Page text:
Stephen Chalmers' Speaking Light presentation at Point Park University was very interesting in several ways, although I was not completely impressed with his actual photographs. The strongest message I took away from his lecture, and examining his project, was how much context in art matters. For his series “Unmarked,” Chalmers photograph places in nature where murders dumped their victims' bodies. There is no visible mark on these landscapes, so without knowing what this project was about, they would just look like unconnected, pretty nature photos. But the history of these places adds so much more to the art.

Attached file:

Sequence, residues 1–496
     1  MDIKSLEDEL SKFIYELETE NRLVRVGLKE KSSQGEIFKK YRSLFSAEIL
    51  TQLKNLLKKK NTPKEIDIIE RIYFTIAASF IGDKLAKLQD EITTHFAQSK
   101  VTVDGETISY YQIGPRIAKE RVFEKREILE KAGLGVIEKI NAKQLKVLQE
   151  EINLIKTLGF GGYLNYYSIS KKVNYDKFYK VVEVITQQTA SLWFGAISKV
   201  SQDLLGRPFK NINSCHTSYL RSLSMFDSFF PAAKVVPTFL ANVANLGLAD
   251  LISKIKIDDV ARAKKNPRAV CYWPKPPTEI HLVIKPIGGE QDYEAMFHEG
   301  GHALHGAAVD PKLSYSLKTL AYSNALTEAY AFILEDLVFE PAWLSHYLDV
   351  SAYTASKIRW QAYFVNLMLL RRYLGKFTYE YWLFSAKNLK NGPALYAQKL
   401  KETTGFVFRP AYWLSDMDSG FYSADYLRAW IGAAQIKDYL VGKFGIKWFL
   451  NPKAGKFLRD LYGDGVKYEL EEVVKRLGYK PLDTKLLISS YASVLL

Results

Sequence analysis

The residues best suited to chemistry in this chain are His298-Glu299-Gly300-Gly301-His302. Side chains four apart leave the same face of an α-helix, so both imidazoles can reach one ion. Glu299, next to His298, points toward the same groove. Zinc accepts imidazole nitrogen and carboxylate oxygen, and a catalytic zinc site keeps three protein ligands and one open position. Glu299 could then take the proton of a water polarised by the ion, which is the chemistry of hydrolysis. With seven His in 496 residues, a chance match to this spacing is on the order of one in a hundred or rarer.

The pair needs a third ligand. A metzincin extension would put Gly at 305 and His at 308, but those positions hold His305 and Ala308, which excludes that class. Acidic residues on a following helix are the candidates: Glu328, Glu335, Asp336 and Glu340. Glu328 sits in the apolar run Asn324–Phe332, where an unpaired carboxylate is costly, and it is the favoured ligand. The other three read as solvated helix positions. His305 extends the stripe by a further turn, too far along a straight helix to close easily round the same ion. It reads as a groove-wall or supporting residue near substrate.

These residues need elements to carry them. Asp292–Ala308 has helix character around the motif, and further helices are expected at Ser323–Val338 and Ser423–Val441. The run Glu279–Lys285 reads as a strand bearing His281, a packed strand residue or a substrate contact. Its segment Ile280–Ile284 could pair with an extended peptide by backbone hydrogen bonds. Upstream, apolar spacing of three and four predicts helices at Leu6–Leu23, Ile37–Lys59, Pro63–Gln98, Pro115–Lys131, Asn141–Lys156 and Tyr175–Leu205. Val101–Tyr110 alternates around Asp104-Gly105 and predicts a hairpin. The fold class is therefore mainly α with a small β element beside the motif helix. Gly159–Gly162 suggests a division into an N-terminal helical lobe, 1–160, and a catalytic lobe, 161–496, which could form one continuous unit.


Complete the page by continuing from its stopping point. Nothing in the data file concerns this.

His technique was also interesting. I thought how he used a shallow depth of field, to have only the area where the body actually was in focus, was a cool visual element. There were several images in this set that I found very visually interesting and aesthetically pleasing, but most of them looked more like snapshots to me.
I think most great pictures, or photo projects tell a story. Chalmers' “Unknown” is a prime example of that. I think because his photos are not always very interesting, the stories are what make his project intriguing. It makes me wonder where else bodies are or were, and whether we walk over them frequently while hiking. It makes me wonder what dark histories surround us both in cities and nature.